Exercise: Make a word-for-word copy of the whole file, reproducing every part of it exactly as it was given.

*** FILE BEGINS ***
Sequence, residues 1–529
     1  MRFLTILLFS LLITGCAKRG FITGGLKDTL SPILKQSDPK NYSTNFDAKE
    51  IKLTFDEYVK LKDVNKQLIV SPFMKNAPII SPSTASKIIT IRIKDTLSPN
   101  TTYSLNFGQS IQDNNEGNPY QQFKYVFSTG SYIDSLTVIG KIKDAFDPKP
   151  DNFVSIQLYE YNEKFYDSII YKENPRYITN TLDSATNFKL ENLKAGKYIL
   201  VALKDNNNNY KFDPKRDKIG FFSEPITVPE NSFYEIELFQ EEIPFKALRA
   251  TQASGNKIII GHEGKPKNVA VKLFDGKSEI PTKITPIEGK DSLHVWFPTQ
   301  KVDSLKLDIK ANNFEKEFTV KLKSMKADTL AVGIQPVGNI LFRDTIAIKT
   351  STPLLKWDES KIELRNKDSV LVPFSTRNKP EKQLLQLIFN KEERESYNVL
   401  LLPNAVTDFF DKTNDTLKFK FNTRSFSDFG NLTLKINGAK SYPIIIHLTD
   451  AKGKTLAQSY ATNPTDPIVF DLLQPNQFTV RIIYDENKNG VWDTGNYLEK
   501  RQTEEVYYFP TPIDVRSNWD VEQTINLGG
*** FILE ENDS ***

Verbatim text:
Sequence, residues 1–529
     1  MRFLTILLFS LLITGCAKRG FITGGLKDTL SPILKQSDPK NYSTNFDAKE
    51  IKLTFDEYVK LKDVNKQLIV SPFMKNAPII SPSTASKIIT IRIKDTLSPN
   101  TTYSLNFGQS IQDNNEGNPY QQFKYVFSTG SYIDSLTVIG KIKDAFDPKP
   151  DNFVSIQLYE YNEKFYDSII YKENPRYITN TLDSATNFKL ENLKAGKYIL
   201  VALKDNNNNY KFDPKRDKIG FFSEPITVPE NSFYEIELFQ EEIPFKALRA
   251  TQASGNKIII GHEGKPKNVA VKLFDGKSEI PTKITPIEGK DSLHVWFPTQ
   301  KVDSLKLDIK ANNFEKEFTV KLKSMKADTL AVGIQPVGNI LFRDTIAIKT
   351  STPLLKWDES KIELRNKDSV LVPFSTRNKP EKQLLQLIFN KEERESYNVL
   401  LLPNAVTDFF DKTNDTLKFK FNTRSFSDFG NLTLKINGAK SYPIIIHLTD
   451  AKGKTLAQSY ATNPTDPIVF DLLQPNQFTV RIIYDENKNG VWDTGNYLEK
   501  RQTEEVYYFP TPIDVRSNWD VEQTINLGG